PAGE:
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Can I not create a shortcut tool bar that isn't on the task bar? RRS feed

  • Question

  • There was a feature in vista/xp that I used quite a bit. You could create a tool bar on the side with shortcuts. I know you can add quick launch to the task bar but thats not quite what I'm looking for. I have several bat files and shortcuts pointing to the same exe for different options. I liked having that second tool bar dedicated to these since I left the lables on to know which ones they are. And they take up too much room on my task bar in the quick launch...


    So is there a way to make that second tool bar like how you could in vista by dragging a folder to the side of the screen?

    Friday, May 20, 2011 8:04 PM

Answers

  • Hi,

     

    I’m afraid Windows 7 has not this function to create another toolbar on the screen.

     

    In Windows 7, toolbar is on the taskbar, we can add shortcuts in toolbar, but cannot  separate it to another space. That’s a by design behavior.

     

    Thank you for your understanding.

     

    Regards,

    Leo   Huang

     

     


    Please remember to click “Mark as Answer” on the post that helps you, and to click “Unmark as Answer” if a marked post does not actually answer your question. This can be beneficial to other community members reading the thread.
    • Marked as answer by Leo Huang Monday, May 30, 2011 5:57 AM
    Tuesday, May 24, 2011 2:32 AM

All replies

  • true launch bar toolbar Windows 7 Toolbar, how to create it


    So here are step-by-step instructions for creating a Windows 7 side toolbar:

    1. Download True Launch Bar
    2. During installation and when you reach the “Quick Start Guide” page, click “Next”. For the purpose of this tutorial, you don’t need to apply the steps they mention to add the toolbar using that way.
    3. Uncheck the checkbox for updates button and click the “Finish” button.
    4. To launch the application we need, click the Windows “Start” button and then type “Standalone True Launch Bar” in the search bar until you see it under Programs, then press “Enter” to launch it.
    5. When the “Standalone True Launch Bar” dialog opens, look at the “Dock” section and for the “Dock side” drop down button, select where you want it to appear, I like to put it on the right side, so I select “Right”.
    6. For the “Full Row” checkbox, I prefer to leave it unchecked (and later I drag its bottom side to set its length)
    7. For the “Toolbar style” section, hit the “Taskbar” radio button.
    8. At the bottom left, check the “Run on system startup” checkbox, so that you can have the toolbar always load when your computer starts
    9. and then click the “Ok” button

    You will notice that a bar appears on the top right of your desktop. It will contain links of what is in the Windows (actually Internet Explorer) Quick launch toolbar.  For this tutorial, we don’t need it at all.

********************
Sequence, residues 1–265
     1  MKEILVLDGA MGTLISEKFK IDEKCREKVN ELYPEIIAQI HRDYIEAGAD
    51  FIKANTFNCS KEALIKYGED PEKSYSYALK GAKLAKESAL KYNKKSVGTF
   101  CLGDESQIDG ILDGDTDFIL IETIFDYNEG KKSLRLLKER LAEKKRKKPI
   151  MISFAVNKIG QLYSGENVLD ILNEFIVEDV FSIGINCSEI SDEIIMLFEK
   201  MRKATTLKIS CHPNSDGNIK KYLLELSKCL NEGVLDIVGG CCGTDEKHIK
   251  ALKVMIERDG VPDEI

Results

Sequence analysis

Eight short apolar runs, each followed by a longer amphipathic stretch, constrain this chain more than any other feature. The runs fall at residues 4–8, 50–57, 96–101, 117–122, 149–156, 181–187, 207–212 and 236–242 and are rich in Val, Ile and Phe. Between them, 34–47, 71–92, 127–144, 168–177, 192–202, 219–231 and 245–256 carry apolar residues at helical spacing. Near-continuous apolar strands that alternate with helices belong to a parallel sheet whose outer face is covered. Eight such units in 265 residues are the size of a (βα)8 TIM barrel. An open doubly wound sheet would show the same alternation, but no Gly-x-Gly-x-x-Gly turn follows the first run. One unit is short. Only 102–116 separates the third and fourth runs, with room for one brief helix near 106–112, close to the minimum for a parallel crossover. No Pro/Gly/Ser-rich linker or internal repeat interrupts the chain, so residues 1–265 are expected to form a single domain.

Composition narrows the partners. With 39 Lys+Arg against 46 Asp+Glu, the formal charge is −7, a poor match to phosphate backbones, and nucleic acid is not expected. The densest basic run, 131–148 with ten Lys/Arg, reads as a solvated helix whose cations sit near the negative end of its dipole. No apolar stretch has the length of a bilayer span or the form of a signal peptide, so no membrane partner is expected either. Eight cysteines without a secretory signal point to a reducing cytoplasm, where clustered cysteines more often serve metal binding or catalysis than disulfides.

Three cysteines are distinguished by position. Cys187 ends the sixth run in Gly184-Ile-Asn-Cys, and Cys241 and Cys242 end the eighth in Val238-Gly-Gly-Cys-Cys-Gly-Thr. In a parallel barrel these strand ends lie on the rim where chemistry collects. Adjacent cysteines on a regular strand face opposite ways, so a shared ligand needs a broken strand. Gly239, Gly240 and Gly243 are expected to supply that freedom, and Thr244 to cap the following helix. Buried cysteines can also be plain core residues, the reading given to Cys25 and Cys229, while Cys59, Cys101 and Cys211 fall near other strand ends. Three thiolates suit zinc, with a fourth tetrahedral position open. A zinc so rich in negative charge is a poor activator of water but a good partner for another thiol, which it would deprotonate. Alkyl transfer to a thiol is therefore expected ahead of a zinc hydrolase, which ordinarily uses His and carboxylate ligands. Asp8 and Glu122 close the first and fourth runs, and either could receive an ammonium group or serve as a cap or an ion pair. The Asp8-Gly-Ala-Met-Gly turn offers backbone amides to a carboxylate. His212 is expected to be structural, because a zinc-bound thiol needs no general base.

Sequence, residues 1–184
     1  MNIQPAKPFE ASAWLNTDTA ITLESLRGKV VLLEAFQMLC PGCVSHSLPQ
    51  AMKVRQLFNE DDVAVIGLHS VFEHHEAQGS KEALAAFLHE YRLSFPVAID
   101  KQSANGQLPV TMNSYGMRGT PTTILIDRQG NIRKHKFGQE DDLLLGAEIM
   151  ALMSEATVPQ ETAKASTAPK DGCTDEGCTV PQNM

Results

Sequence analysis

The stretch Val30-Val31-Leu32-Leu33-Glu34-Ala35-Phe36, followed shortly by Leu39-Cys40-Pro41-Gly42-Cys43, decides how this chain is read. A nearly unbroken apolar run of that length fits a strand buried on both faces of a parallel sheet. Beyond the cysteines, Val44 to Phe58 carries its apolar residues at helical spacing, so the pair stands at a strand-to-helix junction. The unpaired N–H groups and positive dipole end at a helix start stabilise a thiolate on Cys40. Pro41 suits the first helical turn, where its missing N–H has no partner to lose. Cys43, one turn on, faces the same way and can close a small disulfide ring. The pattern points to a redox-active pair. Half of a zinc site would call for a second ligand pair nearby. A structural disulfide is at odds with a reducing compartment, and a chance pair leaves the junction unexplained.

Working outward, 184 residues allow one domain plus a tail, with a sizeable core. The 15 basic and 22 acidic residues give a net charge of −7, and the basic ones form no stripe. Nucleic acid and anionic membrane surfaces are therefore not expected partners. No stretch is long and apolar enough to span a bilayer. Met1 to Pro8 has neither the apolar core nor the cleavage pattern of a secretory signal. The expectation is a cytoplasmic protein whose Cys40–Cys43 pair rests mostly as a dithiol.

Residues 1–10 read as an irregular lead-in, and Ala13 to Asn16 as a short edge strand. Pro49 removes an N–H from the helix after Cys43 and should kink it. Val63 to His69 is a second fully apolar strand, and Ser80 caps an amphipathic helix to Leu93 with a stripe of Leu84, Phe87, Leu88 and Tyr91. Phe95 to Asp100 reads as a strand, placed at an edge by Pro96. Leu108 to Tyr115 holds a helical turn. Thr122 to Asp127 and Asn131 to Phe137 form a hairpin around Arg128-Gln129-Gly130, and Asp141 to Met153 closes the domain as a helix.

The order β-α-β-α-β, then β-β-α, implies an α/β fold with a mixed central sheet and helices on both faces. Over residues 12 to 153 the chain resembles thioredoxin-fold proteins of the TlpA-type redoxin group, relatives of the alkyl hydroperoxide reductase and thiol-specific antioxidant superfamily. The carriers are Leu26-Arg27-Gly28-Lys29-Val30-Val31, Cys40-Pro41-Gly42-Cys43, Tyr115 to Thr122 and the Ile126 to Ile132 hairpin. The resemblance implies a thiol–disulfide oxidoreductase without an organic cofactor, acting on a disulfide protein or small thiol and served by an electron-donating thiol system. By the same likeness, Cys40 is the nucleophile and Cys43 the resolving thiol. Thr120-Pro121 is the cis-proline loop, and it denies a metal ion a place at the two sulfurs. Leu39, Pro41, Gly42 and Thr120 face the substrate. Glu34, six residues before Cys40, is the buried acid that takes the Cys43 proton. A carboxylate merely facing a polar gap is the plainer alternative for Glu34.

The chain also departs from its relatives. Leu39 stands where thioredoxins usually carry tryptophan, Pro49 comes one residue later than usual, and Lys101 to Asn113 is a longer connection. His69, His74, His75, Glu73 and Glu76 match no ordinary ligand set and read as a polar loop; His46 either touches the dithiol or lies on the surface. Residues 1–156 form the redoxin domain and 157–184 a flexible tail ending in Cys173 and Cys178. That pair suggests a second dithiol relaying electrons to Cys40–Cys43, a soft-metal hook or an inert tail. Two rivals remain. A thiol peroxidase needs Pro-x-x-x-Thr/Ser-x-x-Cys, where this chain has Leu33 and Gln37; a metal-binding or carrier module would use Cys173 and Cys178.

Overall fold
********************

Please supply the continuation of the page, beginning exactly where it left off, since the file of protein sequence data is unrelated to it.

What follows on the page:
Now, do the following to setup the folder of your choice as a toolbar to make it contain your links and shortcuts:

    1. Create a folder. As an example, I have created a folder in “My Documents” and named it “My Links”
    2. Right click over the toolbar, and select “Switch toolbar”, then click “Manage Toolbars…”
    3. With the Toolbars tab selected, click the “New” button
    4. Browse to your folder. In our Case, it’s in My Documents > My Links
    5. click the “OK” button. Then click “Ok” again for the “True Launch Bar settings” dialog
    6. Now, right click again over the True Launch Bar toolbar, and select “Switch toolbar” then click “My Links”

    Few more steps to have the toolbar satisfy my needs!

    When you right click over the “True Launch Bar” toolbar you will see a set of options, the following was done after right clicking…

    1. click “Show Text” so that we can see the actual shortcut name next to its icon.
    2. “Taskbar mode” , if checked , the bar will act like a sidebar in a way that when you maxmize a window, it cannot ovelap with it. Note: You might not see this behavior directly, but when you restart the PC it will act like that. If you uncheck it, which I like to set, a window can be maximized to its full. And also, it will allow you to put desktop icons below the toolbar.
    3. click “Always On Top” to uncheck it so that you can see the full window when maximized.

    And now, drag and drop whatever shortcuts you want to the toolbar, or go to its folder directly and add them there.


    Please remember to click “Mark as Answer” on the post that helps you, and to click “Unmark as Answer” if a marked post does not actually answer your question. This can be beneficial to other community members reading the thread. ”
    Friday, May 20, 2011 8:38 PM
  • is the only way to do this a third party app? Kind of annoying they don't have such a simple thing that was included in both prior OS's ...
    Friday, May 20, 2011 8:46 PM
  • Hi,

     

    I’m afraid Windows 7 has not this function to create another toolbar on the screen.

     

    In Windows 7, toolbar is on the taskbar, we can add shortcuts in toolbar, but cannot  separate it to another space. That’s a by design behavior.

     

    Thank you for your understanding.

     

    Regards,

    Leo   Huang

     

     


    Please remember to click “Mark as Answer” on the post that helps you, and to click “Unmark as Answer” if a marked post does not actually answer your question. This can be beneficial to other community members reading the thread.
    • Marked as answer by Leo Huang Monday, May 30, 2011 5:57 AM
    Tuesday, May 24, 2011 2:32 AM